Great strategy if you intend to fight to the last man, last woman and last child. Not so good if you actually think people are more than cannon fodder. I’m all for preserving liberty, my other country fought such a war, but leaders need to strike the balance between a want, a necessity and preserving some resemblance of sovereignty. I have my opinions about how this evolved and I know my view isn’t shared by many here. That doesn’t make it wrong and it doesn’t make it absolutely right. It’s a perspective based on an inherited experience pass on. Endless attrition is not in my view a solution. I don’t believe there is a truly winning solution for either side. I know which side has the upper hand and always will, Russia. Just as a demonstration on an end, a what if, if I was in the position to control Russias nuclear options and a battlefield loss was eminent the nuclear option would absolutely be on the table. That is the stakes of no exit plan and kick the invaders out only strategy.
No you aren't....you are ready to give Ukraine to putin. You would be yelling a different tune in russia moved on Finland.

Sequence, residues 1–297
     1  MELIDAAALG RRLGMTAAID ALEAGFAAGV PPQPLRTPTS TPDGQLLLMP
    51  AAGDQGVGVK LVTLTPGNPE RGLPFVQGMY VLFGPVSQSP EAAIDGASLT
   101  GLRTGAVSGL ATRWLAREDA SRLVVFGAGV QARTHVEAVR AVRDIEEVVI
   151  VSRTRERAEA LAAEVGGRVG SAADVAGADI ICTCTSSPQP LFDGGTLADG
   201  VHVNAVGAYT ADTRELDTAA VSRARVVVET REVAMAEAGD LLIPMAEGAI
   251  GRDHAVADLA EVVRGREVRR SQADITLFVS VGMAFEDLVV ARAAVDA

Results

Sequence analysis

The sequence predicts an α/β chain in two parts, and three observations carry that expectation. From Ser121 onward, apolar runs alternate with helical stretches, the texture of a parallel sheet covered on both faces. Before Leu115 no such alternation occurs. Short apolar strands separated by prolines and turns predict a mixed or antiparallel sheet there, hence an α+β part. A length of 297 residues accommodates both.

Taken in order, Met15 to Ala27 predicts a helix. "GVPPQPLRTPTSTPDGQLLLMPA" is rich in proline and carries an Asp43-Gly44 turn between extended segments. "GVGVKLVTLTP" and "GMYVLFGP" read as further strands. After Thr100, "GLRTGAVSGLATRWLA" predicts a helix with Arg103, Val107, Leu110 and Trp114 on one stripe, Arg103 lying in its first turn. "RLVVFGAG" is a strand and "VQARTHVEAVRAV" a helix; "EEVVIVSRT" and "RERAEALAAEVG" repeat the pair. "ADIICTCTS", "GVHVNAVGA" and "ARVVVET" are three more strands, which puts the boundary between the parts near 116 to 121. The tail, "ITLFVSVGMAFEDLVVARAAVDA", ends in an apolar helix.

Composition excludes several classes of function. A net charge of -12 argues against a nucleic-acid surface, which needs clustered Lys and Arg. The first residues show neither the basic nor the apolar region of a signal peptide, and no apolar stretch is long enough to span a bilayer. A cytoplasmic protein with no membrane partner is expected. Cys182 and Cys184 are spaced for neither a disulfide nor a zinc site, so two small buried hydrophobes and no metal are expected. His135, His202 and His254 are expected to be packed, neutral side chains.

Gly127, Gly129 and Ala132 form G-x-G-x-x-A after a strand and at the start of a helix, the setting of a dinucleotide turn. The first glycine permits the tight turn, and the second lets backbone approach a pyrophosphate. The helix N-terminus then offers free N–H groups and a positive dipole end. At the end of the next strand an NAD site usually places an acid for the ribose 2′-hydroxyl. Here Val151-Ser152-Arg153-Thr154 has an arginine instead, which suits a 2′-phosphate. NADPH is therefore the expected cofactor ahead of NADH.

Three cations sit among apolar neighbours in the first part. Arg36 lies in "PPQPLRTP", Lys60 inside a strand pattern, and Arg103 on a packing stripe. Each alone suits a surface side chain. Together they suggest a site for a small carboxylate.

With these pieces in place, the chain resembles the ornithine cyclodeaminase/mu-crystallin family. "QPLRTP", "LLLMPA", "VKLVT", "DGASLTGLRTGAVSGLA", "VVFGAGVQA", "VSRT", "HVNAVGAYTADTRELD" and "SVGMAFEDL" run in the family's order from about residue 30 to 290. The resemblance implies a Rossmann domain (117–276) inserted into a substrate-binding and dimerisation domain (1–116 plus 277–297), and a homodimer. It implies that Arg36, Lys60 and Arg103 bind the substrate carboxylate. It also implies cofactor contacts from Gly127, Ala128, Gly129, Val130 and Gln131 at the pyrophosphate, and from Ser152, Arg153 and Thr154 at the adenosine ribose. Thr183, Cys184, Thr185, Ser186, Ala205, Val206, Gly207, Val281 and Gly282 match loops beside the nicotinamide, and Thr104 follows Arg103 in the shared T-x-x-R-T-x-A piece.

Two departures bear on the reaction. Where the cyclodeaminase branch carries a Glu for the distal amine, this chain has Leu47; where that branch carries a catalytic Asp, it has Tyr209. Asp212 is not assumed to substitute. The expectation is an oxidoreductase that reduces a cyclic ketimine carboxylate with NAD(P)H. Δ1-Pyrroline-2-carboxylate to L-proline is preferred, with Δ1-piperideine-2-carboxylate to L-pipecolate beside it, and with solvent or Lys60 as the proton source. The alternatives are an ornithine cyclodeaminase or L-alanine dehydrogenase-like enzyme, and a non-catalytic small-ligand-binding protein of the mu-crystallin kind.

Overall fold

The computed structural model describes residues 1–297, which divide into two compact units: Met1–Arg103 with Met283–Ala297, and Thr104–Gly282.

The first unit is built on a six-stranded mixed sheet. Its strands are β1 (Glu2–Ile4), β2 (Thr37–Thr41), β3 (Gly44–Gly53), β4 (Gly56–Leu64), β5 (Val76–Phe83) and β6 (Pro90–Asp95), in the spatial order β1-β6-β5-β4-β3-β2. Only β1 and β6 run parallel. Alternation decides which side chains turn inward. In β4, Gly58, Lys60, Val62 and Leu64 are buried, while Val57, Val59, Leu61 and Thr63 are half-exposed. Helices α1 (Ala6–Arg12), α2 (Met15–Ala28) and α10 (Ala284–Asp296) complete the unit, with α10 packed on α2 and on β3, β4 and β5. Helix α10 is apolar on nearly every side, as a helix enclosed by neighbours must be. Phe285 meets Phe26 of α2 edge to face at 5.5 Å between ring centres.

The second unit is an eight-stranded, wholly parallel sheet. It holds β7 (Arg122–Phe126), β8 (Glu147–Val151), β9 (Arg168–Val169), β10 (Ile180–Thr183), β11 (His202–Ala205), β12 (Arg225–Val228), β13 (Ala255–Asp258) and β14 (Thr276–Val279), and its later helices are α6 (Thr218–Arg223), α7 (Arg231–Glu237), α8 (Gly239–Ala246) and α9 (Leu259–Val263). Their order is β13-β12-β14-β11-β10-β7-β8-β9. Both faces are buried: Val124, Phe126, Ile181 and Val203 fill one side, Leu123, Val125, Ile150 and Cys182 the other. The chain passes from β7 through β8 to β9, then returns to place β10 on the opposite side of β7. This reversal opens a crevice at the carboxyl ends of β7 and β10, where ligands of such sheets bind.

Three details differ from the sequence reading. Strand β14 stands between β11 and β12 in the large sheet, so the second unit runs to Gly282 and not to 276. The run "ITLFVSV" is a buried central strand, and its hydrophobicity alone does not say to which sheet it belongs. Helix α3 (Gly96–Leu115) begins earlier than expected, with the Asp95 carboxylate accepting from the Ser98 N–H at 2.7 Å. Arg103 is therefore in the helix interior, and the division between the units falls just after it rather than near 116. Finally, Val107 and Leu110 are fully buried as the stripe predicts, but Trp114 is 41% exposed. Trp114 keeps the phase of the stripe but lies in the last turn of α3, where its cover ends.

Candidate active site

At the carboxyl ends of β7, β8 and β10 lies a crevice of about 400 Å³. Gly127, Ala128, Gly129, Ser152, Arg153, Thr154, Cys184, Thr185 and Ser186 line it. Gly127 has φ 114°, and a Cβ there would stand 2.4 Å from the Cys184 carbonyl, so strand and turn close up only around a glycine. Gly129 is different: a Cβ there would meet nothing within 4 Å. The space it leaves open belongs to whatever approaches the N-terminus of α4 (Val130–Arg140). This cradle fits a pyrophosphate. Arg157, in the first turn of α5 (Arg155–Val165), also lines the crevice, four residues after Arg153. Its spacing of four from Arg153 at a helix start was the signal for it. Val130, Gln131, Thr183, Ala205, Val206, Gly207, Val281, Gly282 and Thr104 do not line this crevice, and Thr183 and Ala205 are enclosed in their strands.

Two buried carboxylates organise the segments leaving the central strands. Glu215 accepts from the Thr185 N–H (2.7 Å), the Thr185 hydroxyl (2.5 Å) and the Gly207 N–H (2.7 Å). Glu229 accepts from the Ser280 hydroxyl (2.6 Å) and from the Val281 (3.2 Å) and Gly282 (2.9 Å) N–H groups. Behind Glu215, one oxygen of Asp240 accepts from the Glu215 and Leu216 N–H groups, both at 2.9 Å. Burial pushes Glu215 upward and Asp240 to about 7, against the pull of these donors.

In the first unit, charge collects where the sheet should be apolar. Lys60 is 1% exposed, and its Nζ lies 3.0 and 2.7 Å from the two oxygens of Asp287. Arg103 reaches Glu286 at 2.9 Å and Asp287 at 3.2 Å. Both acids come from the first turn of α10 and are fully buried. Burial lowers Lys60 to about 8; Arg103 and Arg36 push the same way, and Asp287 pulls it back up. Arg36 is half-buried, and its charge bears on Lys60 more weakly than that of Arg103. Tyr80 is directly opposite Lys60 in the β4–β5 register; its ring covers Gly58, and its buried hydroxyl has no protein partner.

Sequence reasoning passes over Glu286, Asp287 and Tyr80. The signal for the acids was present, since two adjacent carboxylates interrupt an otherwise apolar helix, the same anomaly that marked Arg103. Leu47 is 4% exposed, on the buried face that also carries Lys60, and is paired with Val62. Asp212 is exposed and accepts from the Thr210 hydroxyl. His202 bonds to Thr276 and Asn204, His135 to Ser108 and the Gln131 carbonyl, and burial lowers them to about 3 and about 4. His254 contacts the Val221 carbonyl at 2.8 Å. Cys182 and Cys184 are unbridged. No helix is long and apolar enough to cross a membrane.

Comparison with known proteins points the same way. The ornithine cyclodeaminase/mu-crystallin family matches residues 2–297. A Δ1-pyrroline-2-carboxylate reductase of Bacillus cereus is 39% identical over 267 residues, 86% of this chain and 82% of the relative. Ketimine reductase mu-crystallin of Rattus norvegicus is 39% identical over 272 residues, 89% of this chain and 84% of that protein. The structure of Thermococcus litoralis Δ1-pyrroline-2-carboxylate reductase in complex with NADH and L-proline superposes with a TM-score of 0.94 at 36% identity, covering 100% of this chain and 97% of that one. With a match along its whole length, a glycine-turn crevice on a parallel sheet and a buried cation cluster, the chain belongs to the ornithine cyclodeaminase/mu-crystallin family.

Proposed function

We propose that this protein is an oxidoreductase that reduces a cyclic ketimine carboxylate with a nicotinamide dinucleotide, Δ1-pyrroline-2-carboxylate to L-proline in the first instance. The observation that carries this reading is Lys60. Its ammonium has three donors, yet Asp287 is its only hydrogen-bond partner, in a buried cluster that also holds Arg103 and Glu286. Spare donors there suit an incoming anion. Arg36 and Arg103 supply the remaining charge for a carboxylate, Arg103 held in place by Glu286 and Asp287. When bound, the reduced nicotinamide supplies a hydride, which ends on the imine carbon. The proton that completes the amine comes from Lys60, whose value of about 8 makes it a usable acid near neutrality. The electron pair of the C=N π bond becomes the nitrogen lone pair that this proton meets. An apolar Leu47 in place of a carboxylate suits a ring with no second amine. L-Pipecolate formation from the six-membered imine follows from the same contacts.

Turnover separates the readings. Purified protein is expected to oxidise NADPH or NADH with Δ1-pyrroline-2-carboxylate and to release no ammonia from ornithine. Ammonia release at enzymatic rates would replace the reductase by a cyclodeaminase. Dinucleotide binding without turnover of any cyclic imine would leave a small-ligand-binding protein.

Your knowledge of nuclear 'politics' is waning. putin realizes that if he uses a nuke, any nuke, it's WW3 and we all had better find a place to stay out of the fallout.

How does russia 'have the upper hand'? Losing north of 100,000 troops and resorting to using prisoners doesn't sound like a 'upper hand'. Losing most of russia's tank fleet doesn't sound like an 'upper hand'. You are all for Ulkraine to surrender and become a russian state. Finland may be next...you gonna strap on your AR and go fight for them? Doubt it. Easier to be a drug store 'patriot'...
-Signed Retired USN commander and Fighter Pilot.

Re: "From Rockets to Ball Bearings, Pentagon Struggles to Feed War Machine"

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As for Russia always having the upper hand. I am reminded of another conflict of expansion they were involved with where everybody thought they had the upper hand, Afghanistan.
Facts do not cease to exist because they are ignored.-Huxley
"We can have democracy in this country, or we can have great wealth concentrated in the hands of a few, but we can't have both." ~ Louis Brandeis,